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Head for business, heart of gold

09:00 AEST Fri Feb 3 2012
Paul Matthews

A MSN NZ promotion for the University of Auckland

It can be hard to find your niche if you’re a man with a head for business and a heart of gold.

But New Zealand Computer Society (NZCS) chief executive Paul Matthews is in the right place. He’s working to uphold strong ethics in the ICT industry, and studying towards a University of Auckland MBA.

The founder of IT outsource company ProSouth, was involved with NZCS governance when he was asked to spend six weeks in the capital after the previous CEO left.

NZCS was a "reasonably successful" organisation, but Matthew says, with a 50-year history, it hadn’t kept up with the times.

"And the only constant in IT is change."

Membership was diving. Matthews and team stepped in.

And when six weeks turned into months, he soon found himself permanently at the business helm of NZCS, his industry’s independent and not-for-profit voice.

Matthews puts a face to the voice, meets with government agencies, ensures education is relevant and makes lots of noise about issues regarding ethics.

A recent blog post by Matthews on New Zealand’s solid stance against “unsustainable” software patents was tweeted, re-tweeted and shared over a million times in a few days. He’s a guy who is required to have an opinion, backs his word, and is passionate about New Zealand’s potential to become a global force within IT.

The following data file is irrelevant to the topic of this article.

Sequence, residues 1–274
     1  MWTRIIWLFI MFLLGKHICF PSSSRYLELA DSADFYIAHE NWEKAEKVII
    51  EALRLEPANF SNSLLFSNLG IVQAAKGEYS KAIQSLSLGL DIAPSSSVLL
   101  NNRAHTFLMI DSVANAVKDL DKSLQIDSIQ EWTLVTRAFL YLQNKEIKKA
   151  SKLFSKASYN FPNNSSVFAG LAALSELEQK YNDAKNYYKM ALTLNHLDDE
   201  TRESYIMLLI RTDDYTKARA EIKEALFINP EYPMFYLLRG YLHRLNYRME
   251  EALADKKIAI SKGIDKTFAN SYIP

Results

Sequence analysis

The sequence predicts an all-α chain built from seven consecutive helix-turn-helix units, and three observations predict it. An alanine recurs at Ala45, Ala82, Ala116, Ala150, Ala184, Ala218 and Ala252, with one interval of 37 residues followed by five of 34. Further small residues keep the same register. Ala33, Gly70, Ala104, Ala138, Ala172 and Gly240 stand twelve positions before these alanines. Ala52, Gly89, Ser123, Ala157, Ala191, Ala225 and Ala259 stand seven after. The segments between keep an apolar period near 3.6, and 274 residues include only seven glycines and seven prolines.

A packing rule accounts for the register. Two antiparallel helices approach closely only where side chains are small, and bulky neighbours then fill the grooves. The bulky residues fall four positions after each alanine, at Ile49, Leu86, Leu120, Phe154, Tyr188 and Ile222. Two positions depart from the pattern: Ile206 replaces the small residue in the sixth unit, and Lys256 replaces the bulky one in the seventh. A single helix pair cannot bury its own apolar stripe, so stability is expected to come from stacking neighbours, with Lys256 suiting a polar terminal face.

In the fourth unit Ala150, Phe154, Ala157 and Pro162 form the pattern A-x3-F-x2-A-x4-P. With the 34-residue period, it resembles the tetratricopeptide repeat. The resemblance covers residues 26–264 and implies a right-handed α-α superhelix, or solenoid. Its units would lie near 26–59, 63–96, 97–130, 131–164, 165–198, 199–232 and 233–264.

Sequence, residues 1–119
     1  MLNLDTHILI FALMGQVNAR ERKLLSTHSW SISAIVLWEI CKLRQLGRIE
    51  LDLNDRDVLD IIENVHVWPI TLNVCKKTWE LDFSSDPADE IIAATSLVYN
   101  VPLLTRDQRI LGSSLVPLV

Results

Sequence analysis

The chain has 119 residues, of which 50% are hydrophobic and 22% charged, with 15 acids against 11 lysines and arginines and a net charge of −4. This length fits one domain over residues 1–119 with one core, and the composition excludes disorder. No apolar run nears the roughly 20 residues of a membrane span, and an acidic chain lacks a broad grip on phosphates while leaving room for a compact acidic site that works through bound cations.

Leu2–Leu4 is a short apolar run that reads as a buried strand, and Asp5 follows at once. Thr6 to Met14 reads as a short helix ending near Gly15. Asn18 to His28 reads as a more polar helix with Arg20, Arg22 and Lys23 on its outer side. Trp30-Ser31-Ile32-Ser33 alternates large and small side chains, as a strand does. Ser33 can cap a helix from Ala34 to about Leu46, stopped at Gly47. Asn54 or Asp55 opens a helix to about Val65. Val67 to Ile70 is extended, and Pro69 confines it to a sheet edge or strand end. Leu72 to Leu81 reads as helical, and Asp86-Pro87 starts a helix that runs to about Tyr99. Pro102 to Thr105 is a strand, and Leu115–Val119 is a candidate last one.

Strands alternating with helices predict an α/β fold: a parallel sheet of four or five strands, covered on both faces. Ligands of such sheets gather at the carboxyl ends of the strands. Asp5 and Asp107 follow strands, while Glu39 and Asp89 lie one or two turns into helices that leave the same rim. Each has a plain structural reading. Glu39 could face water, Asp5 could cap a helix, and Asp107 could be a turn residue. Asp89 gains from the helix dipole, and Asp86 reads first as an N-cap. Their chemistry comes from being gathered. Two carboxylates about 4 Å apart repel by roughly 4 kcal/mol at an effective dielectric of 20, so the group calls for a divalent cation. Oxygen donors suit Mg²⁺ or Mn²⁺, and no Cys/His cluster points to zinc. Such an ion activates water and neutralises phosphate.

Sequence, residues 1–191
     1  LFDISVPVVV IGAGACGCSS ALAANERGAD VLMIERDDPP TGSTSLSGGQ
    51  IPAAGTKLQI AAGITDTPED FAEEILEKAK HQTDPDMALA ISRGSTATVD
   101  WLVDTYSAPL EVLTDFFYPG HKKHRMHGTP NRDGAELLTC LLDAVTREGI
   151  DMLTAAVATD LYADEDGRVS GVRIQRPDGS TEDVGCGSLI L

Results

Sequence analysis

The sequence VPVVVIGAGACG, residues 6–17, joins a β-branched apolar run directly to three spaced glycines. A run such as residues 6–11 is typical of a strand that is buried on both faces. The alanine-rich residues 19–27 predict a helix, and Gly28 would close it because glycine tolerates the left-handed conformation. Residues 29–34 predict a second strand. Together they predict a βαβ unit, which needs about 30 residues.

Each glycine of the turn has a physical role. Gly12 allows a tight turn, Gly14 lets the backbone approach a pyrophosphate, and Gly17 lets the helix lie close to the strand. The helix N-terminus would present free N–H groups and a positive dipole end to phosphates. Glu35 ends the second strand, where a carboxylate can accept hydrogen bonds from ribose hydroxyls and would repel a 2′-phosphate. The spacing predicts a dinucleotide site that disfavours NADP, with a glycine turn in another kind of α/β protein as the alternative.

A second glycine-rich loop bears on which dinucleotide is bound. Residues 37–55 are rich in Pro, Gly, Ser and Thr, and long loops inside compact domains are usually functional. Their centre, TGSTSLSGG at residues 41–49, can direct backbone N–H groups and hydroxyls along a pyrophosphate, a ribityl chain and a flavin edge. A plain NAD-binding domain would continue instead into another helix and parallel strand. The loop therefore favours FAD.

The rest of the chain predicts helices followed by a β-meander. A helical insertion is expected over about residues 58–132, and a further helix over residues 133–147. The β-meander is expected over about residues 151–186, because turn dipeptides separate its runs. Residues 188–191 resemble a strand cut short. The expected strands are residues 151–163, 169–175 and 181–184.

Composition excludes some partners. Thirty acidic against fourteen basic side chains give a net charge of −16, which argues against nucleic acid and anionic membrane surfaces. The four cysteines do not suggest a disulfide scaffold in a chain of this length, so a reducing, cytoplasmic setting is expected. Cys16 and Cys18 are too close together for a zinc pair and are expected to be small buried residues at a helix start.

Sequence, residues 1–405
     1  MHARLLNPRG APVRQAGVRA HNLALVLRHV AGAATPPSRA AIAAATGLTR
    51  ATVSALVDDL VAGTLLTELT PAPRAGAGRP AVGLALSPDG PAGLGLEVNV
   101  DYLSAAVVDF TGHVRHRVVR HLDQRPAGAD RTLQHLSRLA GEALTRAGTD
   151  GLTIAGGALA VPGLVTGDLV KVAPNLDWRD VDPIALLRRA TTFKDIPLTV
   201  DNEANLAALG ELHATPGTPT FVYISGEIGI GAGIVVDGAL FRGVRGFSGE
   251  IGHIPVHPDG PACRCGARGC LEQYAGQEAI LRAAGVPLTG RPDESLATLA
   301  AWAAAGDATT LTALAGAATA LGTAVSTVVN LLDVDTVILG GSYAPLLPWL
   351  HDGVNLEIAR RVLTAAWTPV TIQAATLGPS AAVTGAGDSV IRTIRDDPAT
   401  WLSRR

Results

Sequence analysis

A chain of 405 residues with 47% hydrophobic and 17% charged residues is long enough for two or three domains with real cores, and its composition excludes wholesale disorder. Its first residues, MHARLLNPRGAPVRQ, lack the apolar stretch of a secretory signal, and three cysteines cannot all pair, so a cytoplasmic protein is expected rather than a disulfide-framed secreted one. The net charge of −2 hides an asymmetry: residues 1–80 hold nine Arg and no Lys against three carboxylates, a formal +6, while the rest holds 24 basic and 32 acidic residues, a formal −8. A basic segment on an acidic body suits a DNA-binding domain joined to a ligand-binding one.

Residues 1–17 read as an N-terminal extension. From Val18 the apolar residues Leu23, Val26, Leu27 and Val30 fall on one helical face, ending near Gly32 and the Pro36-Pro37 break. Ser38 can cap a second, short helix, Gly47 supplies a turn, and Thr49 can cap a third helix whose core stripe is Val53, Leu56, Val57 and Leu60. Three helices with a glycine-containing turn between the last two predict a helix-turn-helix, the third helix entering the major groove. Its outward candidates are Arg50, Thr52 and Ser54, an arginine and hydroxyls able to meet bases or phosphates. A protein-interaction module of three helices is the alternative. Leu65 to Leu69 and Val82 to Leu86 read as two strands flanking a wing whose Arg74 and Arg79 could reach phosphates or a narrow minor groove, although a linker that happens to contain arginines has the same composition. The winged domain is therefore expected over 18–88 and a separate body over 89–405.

"Internationalisation" is a concept he will explore more during his MBA study, which began in January. But he’s also looking to cement his business knowledge – mostly gained on-the-job – “and generally prepare for the next level of my career."

"I’m really excited, ready to get going," he says.

Matthews expects the MBA to be hard work, for it to be "challenging and to have my thinking challenged, as well."

The MBA was something he had been considering for a while, but it was Matthews’ chartered-accountant Mum who gave him the final ping to enroll.

It was a well-researched choice to apply for the University of Auckland and commit to commuting from Wellington for classes every second weekend.

"If you’re going to put in that much effort and spend that much money, you might as well do the best."

With two children aged under-five, Matthews says he couldn’t attempt it without strong family support. But there was also an ethical undercurrent to his reasons for enrolling.

"The decision for doing the MBA was just as much for the benefit of the organisation as it was for me personally, in terms of my professional career and maturity."

“To start an MBA, you’ve got to be in the right place, but you’ve got to put in work to get ahead.” "I expect to go in (to the MBA) with my perspectives of the world and expand on that dramatically." Matthews’ worldly-view of things includes a strong one that New Zealand can be a landing pad for IT professionals from anywhere.

"When you talk about ‘international’, that doesn’t have to mean somebody heading off to the USA, that work can be done from New Zealand," he says.

"We wouldn’t have to do a heck of a lot to make New Zealand the next Silicon Valley – the place where you come to get ahead."

The University of Auckland Master of Business Administration (MBA) has intakes in January each year, and welcomes applications from business leaders. Find out more at www.gse.auckland.ac.nz